Correlational finding on Happiness and subject: Attitudes to one's possessions

StudyLee et al. (2002): study US 1997
TitleDeveloping a Subjective Measure of Consumers Well-Being.
SourceJournal of Macromarketing, 2002, Vol. 22, 158 - 169
DOIDOI:10.1177/0276146702238219
Public18+ aged, students, USA, 199?
SampleNon-probability purposive sample
Non-Response
Respondents N =298

Correlate
Author's labelSatisfaction with product disposition
Page in Source 164,166
Our classificationAttitudes to one's possessions
Operationalization
Selfreport on 7 questions:

For various reasons, people may be more or less happy 
with te disposability of a product. If you use any of 
the following products, please indicate the extent to 
which you are satisfied/dissatisfied with the product 
class when you dispose of the product or its packkage. 
Respond only to items you use.

a. Food (milk, canned foods, cookies, carbonated 
drinks, etc.)
b. Personal care products (toothpaste, shampoo, 
deodorant, etc.)
c. Cleaning and home maintenance products (detergents, 
window sprays, vacuum bags, air fresheners, paint, 
etc.)
d. Paper products
e. Baby care products (diapers, baby wipes, talcum 
powder, Vaseline, etc.)
f. Automotive products (oil, oil filters,antifreeze, 
car wax, batteries, tires, etc.)
g. Lawn and yard (leaves, grass, dead wood, etc.)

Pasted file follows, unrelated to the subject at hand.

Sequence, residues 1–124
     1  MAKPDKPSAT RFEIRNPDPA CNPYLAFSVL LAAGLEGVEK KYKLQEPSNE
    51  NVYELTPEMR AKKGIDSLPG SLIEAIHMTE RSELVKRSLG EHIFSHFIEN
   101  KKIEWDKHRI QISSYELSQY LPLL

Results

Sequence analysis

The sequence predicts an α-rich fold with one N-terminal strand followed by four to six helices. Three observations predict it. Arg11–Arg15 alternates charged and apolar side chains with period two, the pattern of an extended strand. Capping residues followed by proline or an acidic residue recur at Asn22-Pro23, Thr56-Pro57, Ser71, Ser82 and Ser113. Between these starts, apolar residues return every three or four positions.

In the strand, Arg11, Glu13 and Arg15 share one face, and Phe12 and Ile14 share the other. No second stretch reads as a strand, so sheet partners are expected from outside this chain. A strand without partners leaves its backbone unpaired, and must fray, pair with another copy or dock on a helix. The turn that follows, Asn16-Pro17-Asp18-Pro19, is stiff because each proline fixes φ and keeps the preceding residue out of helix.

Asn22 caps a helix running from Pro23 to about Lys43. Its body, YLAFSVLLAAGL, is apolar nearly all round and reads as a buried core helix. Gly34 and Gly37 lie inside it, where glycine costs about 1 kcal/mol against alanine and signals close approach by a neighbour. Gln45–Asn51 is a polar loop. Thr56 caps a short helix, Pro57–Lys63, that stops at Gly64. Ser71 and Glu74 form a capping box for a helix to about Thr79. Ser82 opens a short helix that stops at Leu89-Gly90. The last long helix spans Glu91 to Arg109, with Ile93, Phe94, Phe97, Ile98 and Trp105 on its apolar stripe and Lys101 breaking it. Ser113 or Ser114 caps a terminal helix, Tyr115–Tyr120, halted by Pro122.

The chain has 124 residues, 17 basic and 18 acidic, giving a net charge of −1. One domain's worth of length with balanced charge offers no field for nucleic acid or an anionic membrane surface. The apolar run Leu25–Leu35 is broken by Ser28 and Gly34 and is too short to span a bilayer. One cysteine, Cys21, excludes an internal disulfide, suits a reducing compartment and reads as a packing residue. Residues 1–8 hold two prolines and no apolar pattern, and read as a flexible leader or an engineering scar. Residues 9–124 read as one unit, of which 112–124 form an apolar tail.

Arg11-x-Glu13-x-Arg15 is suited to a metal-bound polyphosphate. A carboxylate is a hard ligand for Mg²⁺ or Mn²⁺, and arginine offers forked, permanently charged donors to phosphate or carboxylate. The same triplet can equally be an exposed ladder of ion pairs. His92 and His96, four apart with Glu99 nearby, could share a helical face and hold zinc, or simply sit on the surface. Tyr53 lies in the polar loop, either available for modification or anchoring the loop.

Rated:
1=awful
2=bad
3=unsatisfactory
4=neutral
5=satisfactory
6=good
7=wonderful
0=no opinion, missing value

Composite index is average of 7 formative single 
indicators.

Observed Relation with Happiness
Happiness
Measure
StatisticsElaboration/Remarks
O-DT-u-sq-v-7-ar=+.32 p < .01
O-DT-u-sq-v-7-aBeta=+.07 ns
Beta controlled for satisfaction with:
- job
- family
- finance
- health
- education
- friendships
- leisure
- neighbors
- community
- spiritual
- taxes
- environment
- political situation
- housing
- cultural life
- social life

Unaffected by additional control for satisfaction 
with:
- acquisitions
- possessions
- consumption
- repair services
- do-it-yourself repairs
(consumer well-being)


Appendix 1: Happiness measures used
CodeFull Text
O-DT-u-sq-v-7-aSelfreport on single question:

How do you feel about your life as a whole.....?
7 delighted
6 pleased
5 mostly satisfied
4 mixed
3 mostly dissatisfied
2 unhappy
1 terrible

Name: Andrews & Withey's `Delighted-Terrible Scale' (original version)


Appendix 2: Statistics used
SymbolExplanation
BetaSTANDARDIZED REGRESSION COEFFICIENT by LEAST SQUARES (OLS)
Type: test statistic.

Measurement level: Correlates: all metric, Happiness: metric.
Range: [-1 ; +1]

Meaning:
beta > 0 a higher correlate level corresponds to a higher happiness rating on average.
beta < 0 a higher correlate level corresponds to a higher happiness rating on average.
beta = 0 no correlation.
beta = + 1 or -1 perfect correlation.
rPRODUCT-MOMENT CORRELATION COEFFICIENT (Also "Pearson's correlation coefficient' or simply 'correlation coefficient')
Type: test statistic.
Measurement level: Correlate: metric, Happiness: metric
Range: [-1; +1]

Meaning:
r = 0 no correlation ,
r = 1 perfect correlation, where high correlate values correspond with high happiness values, and
r = -1 perfect correlation, where high correlate values correspond with low happiness values.
Source:
Ruut Veenhoven, World Database of Happiness, Collection of Correlational Findings, Erasmus University Rotterdam.
https://worlddatabaseofhappiness.eur.nl